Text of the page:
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The quantity of heat required to change the temperature of 1 g of a substance by 1 degree C is is defined as?

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The quantity of heat required to change the temperature of 1 g of a substance by 1 degree C is is defined as?

A.) a joule.

One joule in everyday life is approximately:

* the energy required to heat one gram of dry, cool air by 1 degree Celsius.

* the energy required to lift a small apple one metre straight up.

* the energy released when that same apple falls one meter to the ground.

* the amount of energy, as heat, that a quiet person generates every hundredth of a second.

* one hundredth of the energy a person can receive by drinking a 1mm diameter drop of beer.

* the kinetic energy of an adult human moving a distance of about a handspan every second.


A specific heat by a definition is the quantity of heat required to change the temperature of 1g (or 1kg) of the specific substance by a certain temperature interval ΔT (which can be 1°). And the unit is [J/(kg*K)] not °C. But if we ignore this more proper answer could be “B.” Because answer “A” talks only about “one gram of dry, cool air” but we talk about substance in general not just dry cool air.


Energy used to be measured in calories.

They were convenient because 1 calorie would heat 1g of water by 1C. With the International System of units (SI) most units ( except mass and length ) were to be named after notable scientists. The unit of energy became the Joule but clumsily this equated to 4.2 joules = 1calorie or 4.186 joules = 1calorie to be exact.

The energy needed to increase the temperature of a gram of water (not any substance) by 1 degree Celsius depends on the starting temperature and is difficult to measure precisely. There have been several definitions of the calorie: 4°C calorie, 15°C calorie, 20°C calorie, Thermochemical calorie, IUNS calorie etc.

The two perhaps most popular definitions used in older literature are the “15 °C calorie” and the “thermochemical calorie”. Since the many different definitions are a source of confusion and error, all calories are now deprecated in favour of the SI unit for heat and energy: the joule (J). Usage of the calorie units continues because of familiarity and habit, a situation akin to the common usage of engine horsepower instead of kiloWatts.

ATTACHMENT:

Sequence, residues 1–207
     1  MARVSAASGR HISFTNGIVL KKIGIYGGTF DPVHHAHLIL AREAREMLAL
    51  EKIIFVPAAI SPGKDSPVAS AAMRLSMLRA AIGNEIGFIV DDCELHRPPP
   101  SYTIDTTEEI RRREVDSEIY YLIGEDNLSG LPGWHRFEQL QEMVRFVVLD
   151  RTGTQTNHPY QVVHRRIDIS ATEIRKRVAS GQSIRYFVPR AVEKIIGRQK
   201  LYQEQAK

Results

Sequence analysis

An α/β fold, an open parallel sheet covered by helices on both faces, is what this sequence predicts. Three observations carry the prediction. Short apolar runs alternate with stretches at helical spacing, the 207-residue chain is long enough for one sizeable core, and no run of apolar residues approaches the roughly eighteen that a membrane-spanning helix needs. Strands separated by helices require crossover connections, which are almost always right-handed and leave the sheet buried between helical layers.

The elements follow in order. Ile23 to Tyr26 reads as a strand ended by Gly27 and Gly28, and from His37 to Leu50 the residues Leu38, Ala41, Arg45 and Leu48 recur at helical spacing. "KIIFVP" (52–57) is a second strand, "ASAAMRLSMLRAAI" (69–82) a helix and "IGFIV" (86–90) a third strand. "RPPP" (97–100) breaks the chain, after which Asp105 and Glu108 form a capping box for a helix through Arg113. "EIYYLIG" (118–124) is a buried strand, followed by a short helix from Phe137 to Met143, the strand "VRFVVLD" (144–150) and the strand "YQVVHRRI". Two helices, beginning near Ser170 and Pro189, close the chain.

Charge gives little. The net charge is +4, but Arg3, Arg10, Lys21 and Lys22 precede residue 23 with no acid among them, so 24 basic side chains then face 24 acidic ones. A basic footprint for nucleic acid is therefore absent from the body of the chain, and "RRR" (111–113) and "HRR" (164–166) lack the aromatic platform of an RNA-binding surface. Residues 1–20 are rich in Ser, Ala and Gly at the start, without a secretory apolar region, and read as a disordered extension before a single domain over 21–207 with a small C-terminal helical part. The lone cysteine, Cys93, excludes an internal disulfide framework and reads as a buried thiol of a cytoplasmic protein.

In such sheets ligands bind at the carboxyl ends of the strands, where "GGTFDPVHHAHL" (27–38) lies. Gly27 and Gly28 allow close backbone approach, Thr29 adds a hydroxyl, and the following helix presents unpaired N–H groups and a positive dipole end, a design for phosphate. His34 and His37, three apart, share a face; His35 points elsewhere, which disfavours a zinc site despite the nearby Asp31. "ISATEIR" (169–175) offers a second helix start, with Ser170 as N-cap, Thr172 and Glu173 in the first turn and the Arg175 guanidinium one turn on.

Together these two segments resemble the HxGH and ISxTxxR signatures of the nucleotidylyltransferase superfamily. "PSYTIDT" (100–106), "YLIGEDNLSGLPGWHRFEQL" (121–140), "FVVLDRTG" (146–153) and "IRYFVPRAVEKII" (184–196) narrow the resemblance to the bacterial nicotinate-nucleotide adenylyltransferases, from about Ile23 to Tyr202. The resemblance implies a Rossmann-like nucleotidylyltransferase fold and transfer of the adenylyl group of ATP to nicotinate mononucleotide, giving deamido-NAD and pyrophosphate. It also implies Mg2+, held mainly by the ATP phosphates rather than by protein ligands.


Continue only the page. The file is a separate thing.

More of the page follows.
Answered: Specific Heats of Substances… | bartleby

Answered: Specific Heats of Substances… | bartleby – Specific Heats of Substances Substance Specific Heat (cal/g⋅°C) Brick 0.20 Ethanol 0.58 Wood 0.10 Calculate the amount of heat, in calories, that must be added to warm 21.6 g of brick, ethanol, and wood from 21.9 °C to 45.7 °C. Assume no changes in state occur during this change in temperature.The specific heat capacity (c) of a substance is the amount of energy needed to change the temperature of 1 kg of the substance by 1 unit of temperature. Different substances have different specific heat capacities, for example, water has a specific heat capacity of 4…The specific heat of the electrons in a superconductor varies with the absolute temperature ( T ) in the normal and in the superconducting state (as shown in In this experiment, a thin insulating junction is prepared between a superconductor and another metal, assumed here to be in the normal state.

How to Calculate the Amount of Heat Released | Sciencing – fill in the table below describe the stages of photosynthesis.there are two stages of photosynthesis, the light dependent reactions and the calvin cyc … le.Four point charges are at the corners of a square of side a as shown in Figure P15.8. Determine the magnitude and direction of the resultant electric force…Specific heat capacity is the amount of heat energy required to raise the temperature of a substance per unit of mass. The specific heat capacity of a material is a physical property. It is also an example of an extensive property since its value is proportional to the size of the system being examined.

How to Calculate the Amount of Heat Released | Sciencing

Superconductivity – Transition temperatures | Britannica – specific heat is the amount of heat to be absorbed required to raise a substance 1 degree celsius. And by heat being absorbed, i mean energy, because With a specific heat of 1 calorie/gram, water has the highest specific heat of any common substance; ammonia is an example of a substance…. Substance Specific heat J/g/_C water 4.18 ethyl alcohol 2.44 benzene 1.80 sulfuric acid 1.40 Based on the information in the table, which of the Some questions will include multiple choice options to show you the options involved and other questions will just have the questions and corrects answers.Specific Heat Capacity. Suppose that several objects composed of different materials are heated in The term implies that substances may have the ability to contain a thing called heat. The values for the specific heat of fusion and the specific heat of vaporization are reported on a per amount basis.

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